- Posted by Johanna on February 22, 2014 at 12:14 pm
- Category: Graphic Novel Reviews
- CREDITS: written by Mark Waid; art by Paul Smith, Loston Wallace, and J. Bone
- PUBLISHER: IDW Publishing; $21.99 US
Out next month is a dynamite pairing of two comic properties with old-fashioned flavor. Rocketeer / The Spirit: Pulp Friction works so well because the creators know their stuff. The characters sound right (and different from each other), their histories are acknowledged (without leaving out readers who don’t know them), and the look is nicely retro, clear and easy to read.
It’s 1941, and the Spirit, Commissioner Dolan, and Ellen Dolan go to Los Angeles, where they run into Cliff Secord, the Rocketeer. A Central City alderman, against granting exclusive broadcast licenses to the burgeoning medium of television, is discovered dead in the California city. Betty, Cliff’s pinup girlfriend, found the body. There’s something of an impossibility, though, since Dolan saw the dead man eight hours before on the opposite coast, and back then, it would take most of a day to get from one location to another.
The premise, written by Mark Waid, starts out with the characters fighting, then teaming up in the classic style. Cliff’s mechanic Peevish turns out to be a war buddy of Dolan’s, which makes the two title heroes feel even sillier after their in-flight squabble. Although it’s some gorgeous choreography, arms and legs akimbo in mid-air.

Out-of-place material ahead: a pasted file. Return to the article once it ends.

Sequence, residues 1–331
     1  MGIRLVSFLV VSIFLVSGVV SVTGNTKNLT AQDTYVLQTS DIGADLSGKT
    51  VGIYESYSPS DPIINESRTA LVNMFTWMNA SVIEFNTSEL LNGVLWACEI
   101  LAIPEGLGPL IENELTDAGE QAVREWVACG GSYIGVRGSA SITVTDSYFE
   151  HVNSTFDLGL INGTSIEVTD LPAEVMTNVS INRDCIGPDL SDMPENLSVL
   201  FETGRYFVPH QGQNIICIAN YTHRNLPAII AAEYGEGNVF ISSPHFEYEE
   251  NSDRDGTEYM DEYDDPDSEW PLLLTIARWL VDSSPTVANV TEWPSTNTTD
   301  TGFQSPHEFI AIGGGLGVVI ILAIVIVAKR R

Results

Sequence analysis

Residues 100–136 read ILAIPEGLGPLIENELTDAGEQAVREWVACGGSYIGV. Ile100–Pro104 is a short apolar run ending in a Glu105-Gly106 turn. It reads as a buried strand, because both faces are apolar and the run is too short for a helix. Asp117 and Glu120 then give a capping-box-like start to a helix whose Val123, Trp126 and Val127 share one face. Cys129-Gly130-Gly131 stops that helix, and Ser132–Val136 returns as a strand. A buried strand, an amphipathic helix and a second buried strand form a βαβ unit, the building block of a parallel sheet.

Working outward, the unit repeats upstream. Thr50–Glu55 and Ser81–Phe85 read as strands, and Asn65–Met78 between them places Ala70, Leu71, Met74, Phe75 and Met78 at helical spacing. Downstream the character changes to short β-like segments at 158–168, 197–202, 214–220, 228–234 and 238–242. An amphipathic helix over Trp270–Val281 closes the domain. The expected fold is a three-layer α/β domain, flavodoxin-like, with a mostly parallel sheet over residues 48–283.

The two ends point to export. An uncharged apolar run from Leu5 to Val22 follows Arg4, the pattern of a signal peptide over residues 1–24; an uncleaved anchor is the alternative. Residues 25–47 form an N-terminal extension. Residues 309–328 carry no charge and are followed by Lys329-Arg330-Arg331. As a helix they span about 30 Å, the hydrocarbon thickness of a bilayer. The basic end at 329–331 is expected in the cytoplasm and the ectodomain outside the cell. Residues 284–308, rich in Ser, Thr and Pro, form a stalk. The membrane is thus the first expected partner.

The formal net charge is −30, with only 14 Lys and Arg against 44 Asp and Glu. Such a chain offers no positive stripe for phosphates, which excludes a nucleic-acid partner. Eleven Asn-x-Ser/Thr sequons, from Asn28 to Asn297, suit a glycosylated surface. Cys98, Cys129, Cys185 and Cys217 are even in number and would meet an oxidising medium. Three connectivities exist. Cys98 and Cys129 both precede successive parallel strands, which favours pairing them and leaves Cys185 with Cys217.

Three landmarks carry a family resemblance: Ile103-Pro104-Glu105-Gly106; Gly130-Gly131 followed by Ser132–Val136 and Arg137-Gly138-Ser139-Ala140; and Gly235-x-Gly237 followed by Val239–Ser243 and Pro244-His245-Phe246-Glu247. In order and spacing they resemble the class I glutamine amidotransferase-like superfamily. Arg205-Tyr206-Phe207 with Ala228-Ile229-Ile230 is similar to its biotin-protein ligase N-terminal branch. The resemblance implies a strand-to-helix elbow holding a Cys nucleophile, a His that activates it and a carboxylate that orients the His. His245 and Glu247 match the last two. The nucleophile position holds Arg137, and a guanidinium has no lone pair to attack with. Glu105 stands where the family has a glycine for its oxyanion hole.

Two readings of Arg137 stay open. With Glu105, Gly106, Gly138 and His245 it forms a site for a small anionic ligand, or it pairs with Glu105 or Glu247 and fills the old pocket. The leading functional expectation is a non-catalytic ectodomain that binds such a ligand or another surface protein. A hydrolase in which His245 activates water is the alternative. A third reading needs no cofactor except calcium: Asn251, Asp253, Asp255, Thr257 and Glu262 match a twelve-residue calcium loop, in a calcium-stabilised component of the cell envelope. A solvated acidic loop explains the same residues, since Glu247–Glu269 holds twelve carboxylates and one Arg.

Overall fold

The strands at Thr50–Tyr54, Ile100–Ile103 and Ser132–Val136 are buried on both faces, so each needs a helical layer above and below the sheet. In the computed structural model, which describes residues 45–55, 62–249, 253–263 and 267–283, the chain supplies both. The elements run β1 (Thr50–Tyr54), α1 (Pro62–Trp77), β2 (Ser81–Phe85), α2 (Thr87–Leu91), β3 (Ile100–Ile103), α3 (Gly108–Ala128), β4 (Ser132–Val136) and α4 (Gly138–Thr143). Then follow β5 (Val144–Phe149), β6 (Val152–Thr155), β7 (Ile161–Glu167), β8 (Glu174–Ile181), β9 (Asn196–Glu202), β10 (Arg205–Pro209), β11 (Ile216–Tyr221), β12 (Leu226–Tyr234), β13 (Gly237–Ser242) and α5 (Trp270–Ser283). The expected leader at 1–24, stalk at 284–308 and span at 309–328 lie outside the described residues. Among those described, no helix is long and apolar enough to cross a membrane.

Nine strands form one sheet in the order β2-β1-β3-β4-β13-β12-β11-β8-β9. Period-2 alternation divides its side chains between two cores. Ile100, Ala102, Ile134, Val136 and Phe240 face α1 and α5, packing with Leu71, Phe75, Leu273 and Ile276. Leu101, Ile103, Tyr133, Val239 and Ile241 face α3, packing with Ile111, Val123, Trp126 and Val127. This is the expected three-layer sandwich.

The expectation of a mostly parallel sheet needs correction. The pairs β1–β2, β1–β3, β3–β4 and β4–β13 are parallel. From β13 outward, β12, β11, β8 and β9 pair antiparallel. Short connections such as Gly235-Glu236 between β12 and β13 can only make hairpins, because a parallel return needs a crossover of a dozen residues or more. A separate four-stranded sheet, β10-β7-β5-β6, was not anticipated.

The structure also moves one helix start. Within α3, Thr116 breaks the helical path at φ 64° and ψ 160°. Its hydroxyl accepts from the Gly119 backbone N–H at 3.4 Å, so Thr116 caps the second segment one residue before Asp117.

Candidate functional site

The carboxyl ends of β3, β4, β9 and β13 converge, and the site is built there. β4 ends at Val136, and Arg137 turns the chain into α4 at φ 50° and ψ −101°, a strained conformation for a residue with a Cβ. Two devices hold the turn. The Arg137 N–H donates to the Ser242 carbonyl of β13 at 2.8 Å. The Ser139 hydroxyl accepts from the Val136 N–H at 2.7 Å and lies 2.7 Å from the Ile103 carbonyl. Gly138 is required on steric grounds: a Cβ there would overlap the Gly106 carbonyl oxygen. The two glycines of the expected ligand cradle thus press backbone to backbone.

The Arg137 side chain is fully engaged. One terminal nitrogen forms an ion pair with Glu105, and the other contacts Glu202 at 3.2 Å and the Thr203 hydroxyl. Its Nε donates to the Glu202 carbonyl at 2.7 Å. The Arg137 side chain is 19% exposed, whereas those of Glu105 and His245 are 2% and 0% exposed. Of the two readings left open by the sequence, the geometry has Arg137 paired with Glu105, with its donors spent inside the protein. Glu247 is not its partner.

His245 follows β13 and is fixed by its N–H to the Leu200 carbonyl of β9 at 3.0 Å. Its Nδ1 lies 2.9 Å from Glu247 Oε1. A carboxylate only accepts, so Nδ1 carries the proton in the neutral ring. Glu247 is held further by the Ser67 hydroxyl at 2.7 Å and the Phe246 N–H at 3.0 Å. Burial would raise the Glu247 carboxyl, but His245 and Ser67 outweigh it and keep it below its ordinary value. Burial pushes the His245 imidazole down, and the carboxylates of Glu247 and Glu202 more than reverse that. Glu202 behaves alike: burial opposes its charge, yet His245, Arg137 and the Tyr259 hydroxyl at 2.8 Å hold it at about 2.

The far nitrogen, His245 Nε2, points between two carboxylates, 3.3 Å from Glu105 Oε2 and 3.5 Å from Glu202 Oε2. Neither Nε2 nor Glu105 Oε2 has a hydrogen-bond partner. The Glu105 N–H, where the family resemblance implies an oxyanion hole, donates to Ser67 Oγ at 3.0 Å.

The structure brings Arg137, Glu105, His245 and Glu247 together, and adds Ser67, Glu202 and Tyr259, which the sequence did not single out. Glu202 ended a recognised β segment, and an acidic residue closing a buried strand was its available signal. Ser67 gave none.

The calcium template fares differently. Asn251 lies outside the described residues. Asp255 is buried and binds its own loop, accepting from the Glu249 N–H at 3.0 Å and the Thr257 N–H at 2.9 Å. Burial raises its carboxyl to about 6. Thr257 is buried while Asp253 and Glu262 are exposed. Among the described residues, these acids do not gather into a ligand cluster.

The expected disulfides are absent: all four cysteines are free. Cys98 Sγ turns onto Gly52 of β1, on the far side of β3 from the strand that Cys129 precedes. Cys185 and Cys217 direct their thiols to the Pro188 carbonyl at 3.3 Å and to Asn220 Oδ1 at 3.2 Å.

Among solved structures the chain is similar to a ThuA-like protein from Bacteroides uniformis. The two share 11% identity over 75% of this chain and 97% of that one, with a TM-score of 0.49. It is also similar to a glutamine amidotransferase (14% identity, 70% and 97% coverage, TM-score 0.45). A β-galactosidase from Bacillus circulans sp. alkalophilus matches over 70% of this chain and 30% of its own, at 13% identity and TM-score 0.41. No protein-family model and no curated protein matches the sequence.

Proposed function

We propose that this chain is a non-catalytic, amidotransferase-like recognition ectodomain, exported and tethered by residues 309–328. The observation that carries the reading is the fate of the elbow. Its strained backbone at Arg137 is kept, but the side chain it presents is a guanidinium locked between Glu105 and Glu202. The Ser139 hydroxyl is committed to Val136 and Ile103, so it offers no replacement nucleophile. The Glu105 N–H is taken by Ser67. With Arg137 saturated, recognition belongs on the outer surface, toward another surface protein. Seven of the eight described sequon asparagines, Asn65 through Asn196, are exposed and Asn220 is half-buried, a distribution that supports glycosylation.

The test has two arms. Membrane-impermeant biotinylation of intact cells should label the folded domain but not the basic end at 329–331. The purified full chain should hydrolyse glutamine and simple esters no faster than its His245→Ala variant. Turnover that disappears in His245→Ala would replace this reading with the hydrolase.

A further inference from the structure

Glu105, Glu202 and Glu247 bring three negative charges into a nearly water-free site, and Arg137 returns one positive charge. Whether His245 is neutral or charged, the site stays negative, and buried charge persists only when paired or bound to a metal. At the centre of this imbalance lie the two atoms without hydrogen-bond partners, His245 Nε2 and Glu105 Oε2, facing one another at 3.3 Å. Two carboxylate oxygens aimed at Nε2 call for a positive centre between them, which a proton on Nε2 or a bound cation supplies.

Paul Smith’s staging in the first chapter is incredible, full of distinctive panels, many of which could be used to sum up the pulp feel of the story, from Betty’s picture poses to the Spirit, seen through a snowy city window. It’s a shame that the series wasn’t able to keep the same artist throughout. The second chapter, drawn by Loston Wallace, has expressive figures but less creative layout. J. Bone’s second half is more stylized, making the girls particularly seem more “cutesy-pie”.
Betty finds the Spirit attractive, which makes Ellen jealous and annoys Cliff. And the background, looking at monopoly control of the airwaves, is quaint and yet timely in its analogies. As well, it provides aspiring actress Betty a reason to stay involved in the story and eventually be rescued. There’s also an undercurrent of East Coast vs. West, New York vs. LA.
I normally wait for collections for miniseries, but given the art changes and cliffhangers, this probably would read better in monthly issues. Regardless, it’s a fun retro ride. (The publisher provided a digital review copy.)